The IFPI (International Federation of the Photographic Industry) has released its report on the music industry's 2013 revenue, finding that while digital continues to grow, the overall industry saw another slight decline last year. Global music industry revenue was down 3.9 percent in 2013 to $15 billion, from $15.6 billion in 2012.
One of the largest reasons for the dip was a 16.7 percent drop in Japanese revenue, which the IFPI attributed to a declining interest in physical product and "legacy" digital options such as mobile downloads and ringtones.
Excluding Japan, global music industry revenue in 2013 was essentially flat. In fact, North American revenue was up 0.5 percent to $4.89 billion, while European revenue was up by 0.6 percent to $5.38 billion.
Worldwide revenue from subscription and streaming services saw an impressive 51 percent leap last year, surpassing $1 billion in total. According to the IFPI's data, streaming services make up 27 percent of all global digital revenue and 28 million people now have a paid subscription to a digital service.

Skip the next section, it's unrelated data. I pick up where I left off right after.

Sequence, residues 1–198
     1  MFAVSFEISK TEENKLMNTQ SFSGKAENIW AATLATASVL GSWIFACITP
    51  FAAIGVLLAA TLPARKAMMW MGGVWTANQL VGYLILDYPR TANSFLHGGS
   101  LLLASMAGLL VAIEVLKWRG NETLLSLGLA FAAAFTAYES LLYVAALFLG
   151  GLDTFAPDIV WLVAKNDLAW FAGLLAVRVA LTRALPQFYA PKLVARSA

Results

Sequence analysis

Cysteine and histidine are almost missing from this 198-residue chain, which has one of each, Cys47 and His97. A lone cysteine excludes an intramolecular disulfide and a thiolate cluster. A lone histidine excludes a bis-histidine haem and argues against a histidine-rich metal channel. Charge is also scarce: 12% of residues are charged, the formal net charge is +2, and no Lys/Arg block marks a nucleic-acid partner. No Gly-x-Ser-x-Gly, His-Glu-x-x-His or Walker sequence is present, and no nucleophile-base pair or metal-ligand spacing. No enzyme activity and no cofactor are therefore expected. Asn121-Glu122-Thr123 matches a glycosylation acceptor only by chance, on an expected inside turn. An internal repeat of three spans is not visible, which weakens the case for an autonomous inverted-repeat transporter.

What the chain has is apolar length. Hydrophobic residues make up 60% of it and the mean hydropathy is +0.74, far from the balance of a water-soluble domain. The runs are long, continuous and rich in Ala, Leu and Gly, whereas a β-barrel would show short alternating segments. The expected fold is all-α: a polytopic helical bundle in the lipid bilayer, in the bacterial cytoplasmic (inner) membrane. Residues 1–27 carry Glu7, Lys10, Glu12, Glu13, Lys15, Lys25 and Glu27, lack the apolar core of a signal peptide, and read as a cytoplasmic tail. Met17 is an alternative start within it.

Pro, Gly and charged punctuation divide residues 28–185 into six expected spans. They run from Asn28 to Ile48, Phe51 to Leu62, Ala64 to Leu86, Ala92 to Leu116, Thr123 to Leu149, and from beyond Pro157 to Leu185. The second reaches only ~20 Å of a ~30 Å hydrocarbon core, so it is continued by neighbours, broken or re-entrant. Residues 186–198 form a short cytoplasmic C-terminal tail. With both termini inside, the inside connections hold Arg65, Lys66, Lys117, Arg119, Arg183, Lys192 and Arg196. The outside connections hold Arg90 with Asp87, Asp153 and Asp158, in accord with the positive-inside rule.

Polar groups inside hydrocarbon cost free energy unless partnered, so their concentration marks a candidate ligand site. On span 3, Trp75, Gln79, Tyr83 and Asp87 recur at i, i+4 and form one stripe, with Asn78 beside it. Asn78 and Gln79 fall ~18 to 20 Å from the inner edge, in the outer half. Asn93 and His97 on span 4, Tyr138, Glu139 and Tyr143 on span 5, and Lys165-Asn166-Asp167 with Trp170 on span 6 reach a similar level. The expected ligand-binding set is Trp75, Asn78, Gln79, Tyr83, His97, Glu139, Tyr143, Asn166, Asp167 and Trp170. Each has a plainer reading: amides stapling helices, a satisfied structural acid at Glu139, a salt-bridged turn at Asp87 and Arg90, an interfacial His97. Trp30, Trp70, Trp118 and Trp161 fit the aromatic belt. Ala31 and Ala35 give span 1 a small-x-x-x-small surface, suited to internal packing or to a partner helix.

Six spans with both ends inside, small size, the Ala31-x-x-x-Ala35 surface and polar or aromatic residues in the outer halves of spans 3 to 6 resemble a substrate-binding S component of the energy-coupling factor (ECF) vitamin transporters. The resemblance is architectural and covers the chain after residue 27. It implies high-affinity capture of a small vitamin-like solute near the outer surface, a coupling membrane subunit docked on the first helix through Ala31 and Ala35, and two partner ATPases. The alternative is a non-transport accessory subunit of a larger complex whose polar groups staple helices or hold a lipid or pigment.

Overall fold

Overall digital revenue was up 4.3 percent in 2013 to $5.87 billion worldwide, as physical music revenue fell 11.7 percent to $7.73 billion.
Frances Moore, IFPI CEO, stated, "Even accounting for the difficult situation in Japan, the global recording industry is in a positive phase of its development. Revenues in most major markets have returned to growth. Streaming and subscription services are thriving. Consumers have a wider choice than ever before between different models and services. And digital music is moving into a clearly identifiable new phase as record companies, having licensed services across the world, now start to tap the enormous potential of emerging markets."